“It wasn’t what I expected. I previously had a fear of horses and after experiencing the day there, with people that understood me, I just can’t wait to be back.

“You tend to go a bit ‘hermit’ when you’re not feeling the best, so it definitely helps having experiences that bring you out of isolation at your own pace, and finding new passions you weren’t looking at because you were just trying to live.”

Bestowed Like Barry arrived at Mr Batters’ stables in a roundabout fashion – his breeder and previous owner was diagnosed with cancer so she put out the word that two of her racehorse foals needed new owners, where she’d hoped they would be able to be nurtured to their full potential once she was unable to do so herself.

Through his contacts in the industry, Mr Batters learned of Bestowed Like Barry’s plight, took him in and is now preparing the young horse for his first races – parallel to his support work – while the search continues for a new owner.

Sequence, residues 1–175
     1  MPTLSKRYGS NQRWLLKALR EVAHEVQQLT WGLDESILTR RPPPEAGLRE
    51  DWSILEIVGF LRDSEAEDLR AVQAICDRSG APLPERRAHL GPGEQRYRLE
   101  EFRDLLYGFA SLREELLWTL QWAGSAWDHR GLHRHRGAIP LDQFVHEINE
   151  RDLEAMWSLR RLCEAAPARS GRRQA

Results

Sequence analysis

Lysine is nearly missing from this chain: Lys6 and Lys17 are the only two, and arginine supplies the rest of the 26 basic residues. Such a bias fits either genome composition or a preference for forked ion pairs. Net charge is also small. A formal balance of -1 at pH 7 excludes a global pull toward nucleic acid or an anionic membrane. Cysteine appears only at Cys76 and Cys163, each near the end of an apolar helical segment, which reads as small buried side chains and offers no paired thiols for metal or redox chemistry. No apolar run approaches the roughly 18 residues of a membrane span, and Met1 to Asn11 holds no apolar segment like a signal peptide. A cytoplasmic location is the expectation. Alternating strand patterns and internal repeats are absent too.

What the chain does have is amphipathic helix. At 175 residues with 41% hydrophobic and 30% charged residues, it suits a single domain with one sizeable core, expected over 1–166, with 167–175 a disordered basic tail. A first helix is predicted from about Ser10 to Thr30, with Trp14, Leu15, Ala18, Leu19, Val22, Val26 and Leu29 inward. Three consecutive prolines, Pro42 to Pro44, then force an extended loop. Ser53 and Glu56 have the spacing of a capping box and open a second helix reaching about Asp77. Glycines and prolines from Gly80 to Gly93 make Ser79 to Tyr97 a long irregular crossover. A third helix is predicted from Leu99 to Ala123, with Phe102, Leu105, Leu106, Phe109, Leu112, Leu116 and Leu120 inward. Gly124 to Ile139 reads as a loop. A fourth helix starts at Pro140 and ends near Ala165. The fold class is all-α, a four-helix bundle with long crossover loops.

“He’s got the right confirmation, he’s a lovely type of horse, he’s got a good brain,” Mr Batters said of Bestowed Like Barry’s double role.

“You can kind of get an indication when they’re young – some are a bit stubborn and take a bit more time, or you get these horses that come out and are more forward and they say, ‘Yep, I want to do this’ … and he’s definitely doing that.”

Mr Batters has been around animals and horses ever since his childhood in South Australia.

He had dreams of becoming a vet and, as a teen, volunteered with his local Riding for the Disabled. He came to appreciate the positive influence of horses on people, an understanding that has never left him.

“They’re just unbelievable magnificent animals,” he said.

“When you connect with them in the way that we do at our stables, we like to be one-on-one with them, and understand the horses – they’re always pleasing and just amazing to be around.

“Anything that can help anyone that’s going through any kind of struggles – it doesn’t matter if it’s just disability, or mental health, or anything like that – and can have a positive impact. It’s worth it, absolutely it is, there’s no words to describe that feeling.”